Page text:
from the just-another-humdrum-day-in-law-enforcement dept
Cops lie. Cops lie so often it’s hardly even news at this point. The only people left to be shocked by these revelations are the increasingly small segment of the population who’ve actually considered, at some point in their lives, the purchase of a fainting couch.
Cops lie because cops can almost always get away with it. And it’s not just cops. It’s the entire punishment side of the American justice system. Lies are often unchallenged. When they are, courts often refer to the lies as “contradictory” or “misleading” statements. On rare occasions, courts will go so far as to refer to these lying government employees as “not credible.”
But they’re liars all the same. And while cops have the most opportunities to lie, prosecutors do it too. And, at least in this case [PDF], it appears a federal court actually wants to hold a prosecutor responsible for his lies.
A prisoner in the middle of civil rights lawsuit against a California women’s prison filed a motion stating that her cell had been recently searched and court documents belonging to her were removed by prison personnel. A lawyer (Derrek Lee) working for the California Office of the Attorney General met with the prison warden and filed a statement on the warden’s behalf with the court.
That sworn statement said:
I am employed by the California Department of Corrections and Rehabilitation (CDCR) as the Warden for the California Institution for Women (CIW) in Corona, California.
I have reviewed the Court’s Order (ECF No. 62), inquiring as to the merits of Caruso’s (W-25086) claim that documents connected to her lawsuit have been removed from her possession. Plaintiff specifically contends that documents were removed from per possession, on or about, January 31, 2018. In line with the Court, both myself and staff at CIW take allegations of this nature very seriously.
At the direction of the Court, I have looked into Plaintiff’s allegations, and have reviewed unit logs and cell-search logs dating back to January 1, 2018, to determine if Plaintiff’s allegations have merit. Whenever a cell-search is performed, staff are required to fill out these documents explaining the reason for the search and any items confiscated. With respect to inmate Caruso, there is no record of a cell search, nor is there a record of any documents, legal or otherwise, that were confiscated from her cell.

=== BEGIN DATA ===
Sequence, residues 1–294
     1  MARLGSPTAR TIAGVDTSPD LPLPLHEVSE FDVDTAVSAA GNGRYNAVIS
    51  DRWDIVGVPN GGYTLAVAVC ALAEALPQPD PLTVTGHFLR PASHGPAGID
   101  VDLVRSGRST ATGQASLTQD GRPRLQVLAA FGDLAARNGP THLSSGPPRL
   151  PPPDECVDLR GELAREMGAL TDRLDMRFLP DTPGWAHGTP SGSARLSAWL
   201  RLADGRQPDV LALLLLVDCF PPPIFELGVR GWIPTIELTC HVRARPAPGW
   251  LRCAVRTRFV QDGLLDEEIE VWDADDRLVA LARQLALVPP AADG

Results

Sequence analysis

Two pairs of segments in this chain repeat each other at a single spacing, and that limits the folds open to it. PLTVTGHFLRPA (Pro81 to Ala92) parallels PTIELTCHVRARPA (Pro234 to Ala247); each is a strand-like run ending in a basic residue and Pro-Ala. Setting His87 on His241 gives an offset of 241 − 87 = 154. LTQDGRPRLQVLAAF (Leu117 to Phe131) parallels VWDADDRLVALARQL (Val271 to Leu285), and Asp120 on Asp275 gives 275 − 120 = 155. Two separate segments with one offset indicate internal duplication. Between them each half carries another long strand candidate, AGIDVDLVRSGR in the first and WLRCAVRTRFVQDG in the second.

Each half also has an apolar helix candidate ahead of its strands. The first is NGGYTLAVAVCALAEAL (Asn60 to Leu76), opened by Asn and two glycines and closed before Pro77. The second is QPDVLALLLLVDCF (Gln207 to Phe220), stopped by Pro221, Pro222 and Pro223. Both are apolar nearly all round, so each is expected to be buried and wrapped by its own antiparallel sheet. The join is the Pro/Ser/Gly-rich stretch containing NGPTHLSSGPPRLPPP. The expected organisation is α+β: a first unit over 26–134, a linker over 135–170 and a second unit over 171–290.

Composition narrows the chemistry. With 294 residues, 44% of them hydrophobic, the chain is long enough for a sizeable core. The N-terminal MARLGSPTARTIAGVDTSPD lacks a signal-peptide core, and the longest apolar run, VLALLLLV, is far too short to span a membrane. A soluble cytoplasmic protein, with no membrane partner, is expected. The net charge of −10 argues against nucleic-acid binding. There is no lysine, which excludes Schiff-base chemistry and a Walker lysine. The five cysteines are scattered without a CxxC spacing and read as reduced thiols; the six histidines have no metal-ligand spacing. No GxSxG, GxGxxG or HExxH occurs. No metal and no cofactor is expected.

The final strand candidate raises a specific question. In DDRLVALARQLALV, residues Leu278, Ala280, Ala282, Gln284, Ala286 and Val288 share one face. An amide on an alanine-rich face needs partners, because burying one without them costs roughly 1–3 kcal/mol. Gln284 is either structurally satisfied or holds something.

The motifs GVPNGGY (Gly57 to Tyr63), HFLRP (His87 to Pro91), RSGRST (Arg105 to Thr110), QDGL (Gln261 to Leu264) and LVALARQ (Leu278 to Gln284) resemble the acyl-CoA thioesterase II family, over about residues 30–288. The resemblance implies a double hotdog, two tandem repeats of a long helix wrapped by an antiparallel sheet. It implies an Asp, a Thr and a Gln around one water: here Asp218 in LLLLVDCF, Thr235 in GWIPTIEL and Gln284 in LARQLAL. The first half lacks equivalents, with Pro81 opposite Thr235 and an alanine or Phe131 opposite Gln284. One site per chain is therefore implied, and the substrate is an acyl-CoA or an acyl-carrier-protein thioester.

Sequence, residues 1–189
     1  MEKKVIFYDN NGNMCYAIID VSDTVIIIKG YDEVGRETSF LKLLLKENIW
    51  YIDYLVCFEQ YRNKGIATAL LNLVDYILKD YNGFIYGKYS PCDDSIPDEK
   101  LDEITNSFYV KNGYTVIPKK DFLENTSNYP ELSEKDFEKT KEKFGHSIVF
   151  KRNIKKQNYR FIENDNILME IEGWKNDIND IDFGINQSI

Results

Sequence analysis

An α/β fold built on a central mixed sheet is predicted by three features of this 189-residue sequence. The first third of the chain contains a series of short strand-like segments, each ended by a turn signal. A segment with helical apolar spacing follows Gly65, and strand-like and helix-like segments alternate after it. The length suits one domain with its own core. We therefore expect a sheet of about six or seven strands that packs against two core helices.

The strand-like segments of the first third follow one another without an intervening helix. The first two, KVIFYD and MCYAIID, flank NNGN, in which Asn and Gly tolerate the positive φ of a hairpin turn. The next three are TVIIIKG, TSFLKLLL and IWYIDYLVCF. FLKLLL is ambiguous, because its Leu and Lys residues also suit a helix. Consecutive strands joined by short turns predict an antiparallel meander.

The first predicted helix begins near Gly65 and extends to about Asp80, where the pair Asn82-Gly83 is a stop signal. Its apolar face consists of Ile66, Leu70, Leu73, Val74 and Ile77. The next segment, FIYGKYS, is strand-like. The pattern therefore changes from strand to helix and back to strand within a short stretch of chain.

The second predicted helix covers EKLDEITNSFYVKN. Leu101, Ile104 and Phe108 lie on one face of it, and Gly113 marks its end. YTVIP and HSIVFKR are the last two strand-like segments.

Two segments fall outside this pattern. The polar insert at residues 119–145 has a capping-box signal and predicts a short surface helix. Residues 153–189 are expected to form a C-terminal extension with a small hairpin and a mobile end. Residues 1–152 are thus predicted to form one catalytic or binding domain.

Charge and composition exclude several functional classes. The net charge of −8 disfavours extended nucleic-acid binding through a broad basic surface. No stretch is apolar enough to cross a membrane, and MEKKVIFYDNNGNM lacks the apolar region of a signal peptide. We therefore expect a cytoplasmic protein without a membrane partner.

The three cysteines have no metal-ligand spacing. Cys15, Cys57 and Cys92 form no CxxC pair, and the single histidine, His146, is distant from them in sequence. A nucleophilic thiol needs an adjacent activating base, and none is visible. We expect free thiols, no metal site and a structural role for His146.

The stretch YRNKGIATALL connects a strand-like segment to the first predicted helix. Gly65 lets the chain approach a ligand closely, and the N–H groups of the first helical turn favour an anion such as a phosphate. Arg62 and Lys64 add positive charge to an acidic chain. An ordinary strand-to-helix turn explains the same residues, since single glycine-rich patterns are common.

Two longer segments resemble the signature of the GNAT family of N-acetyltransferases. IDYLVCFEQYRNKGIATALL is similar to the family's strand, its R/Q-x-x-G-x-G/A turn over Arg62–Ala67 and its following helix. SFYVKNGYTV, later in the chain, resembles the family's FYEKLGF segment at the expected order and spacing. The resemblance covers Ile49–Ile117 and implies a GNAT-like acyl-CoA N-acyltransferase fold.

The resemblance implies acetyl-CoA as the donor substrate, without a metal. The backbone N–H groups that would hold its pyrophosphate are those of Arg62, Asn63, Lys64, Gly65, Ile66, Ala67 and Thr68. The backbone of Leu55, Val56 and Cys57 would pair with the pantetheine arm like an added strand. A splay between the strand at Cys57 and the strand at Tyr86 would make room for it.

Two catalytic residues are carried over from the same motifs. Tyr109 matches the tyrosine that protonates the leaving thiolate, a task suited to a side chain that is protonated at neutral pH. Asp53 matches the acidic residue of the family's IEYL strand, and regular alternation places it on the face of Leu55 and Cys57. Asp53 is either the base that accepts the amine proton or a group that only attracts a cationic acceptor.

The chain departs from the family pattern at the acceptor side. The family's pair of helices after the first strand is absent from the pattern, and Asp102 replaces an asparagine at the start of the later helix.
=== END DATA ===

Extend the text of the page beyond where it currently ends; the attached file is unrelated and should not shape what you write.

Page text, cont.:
But that’s not what actually happened. And the AG’s lawyer knew this, because he helped with the search he was now pretending didn’t happen. The plaintiff was taken from her cell to go to the prison’s “Litigation Coordinator.” While she was there, she was told the AG’s office wished to speak to her about a document it had accidentally released to her. While she was in the Litigation Coordinator’s office, her cell was searched and documents were taken. Following this incident, Derrek Lee wrote up a statement for Warden Hill to sign and submit to the court.
The AG’s lawyer doubled down on his lies following this revelation.
On April 29, 2022, Defendants filed a supplemental brief that addressed these allegations. According to the supplemental brief, a search of Plaintiff’s cell occurred and a document that Defendants produced in discovery was confiscated and destroyed. However, Defendants allege that the search occurred on November 29, 2017, not in or around February of 2018, and that the document was confiscated because it was a confidential personnel record that should not have been produced to Plaintiff. Additionally, Defendants allege that it was Deputy Attorney General Mohmoud, not Derrek Lee, who initiated the search.
This new set of lies was also disproven.
On May 6, 2022, Plaintiff submitted a copy of an email dated November 29, 2017, to Bystrom in which Derrek Lee asked [prison litigation coordinator] Bystrom to set up a call with Plaintiff on that day. Derrek Lee also asked for an ISU member to be present (or on the line).
On May 10, 2022, Defendants provided an email from Deputy Attorney General Mohmoud to Lt. Spinney dated November 29, 2017, in which she attached a copy of the personnel record she wanted confiscated and stated she would appreciate an update on whether Lt. Spinney was able to locate it. Derrek Lee was cced on the email.
Having run out of lies, Derrek Lee (who no longer works for the state AG’s office) is being forced to confront the truth. The court is definitely displeased to have been jerked around for months by the government lawyer.
The parties now appear to agree that a search of Plaintiff’s cell occurred on November 29, 2017, and that a document was taken from Plaintiff’s cell. Additionally, lawyers with the Office of the Attorney General, including Derrek Lee, were aware of and participated in the search. Despite this, neither the Warden nor Derrek Lee informed the Court of the search when responding to the Court’s order inquiring about documents that were allegedly taken from Plaintiff during the course of this suit.
The lawyers representing the prison defendants (along with Derrek Lee) have been given 21 days to satisfactorily explain to the court why they shouldn’t be hit with sanctions for deliberately misleading the court. Given the events detailed here, it’s hard to believe they’ll be able to respond with anything that will lower the court’s ire to a low boil and allow them to continue fighting these prisoners’ allegations without the burden of sanctions.
Unfortunately, sanctions in cases like these are limited to a small list of remedies, but the court serves a large duty here simply by calling out both the misconduct and the government lawyer behind it, which will act as its own form of deterrent. And it’s just another data point showing the government is more than willing to cheat in order to secure wins.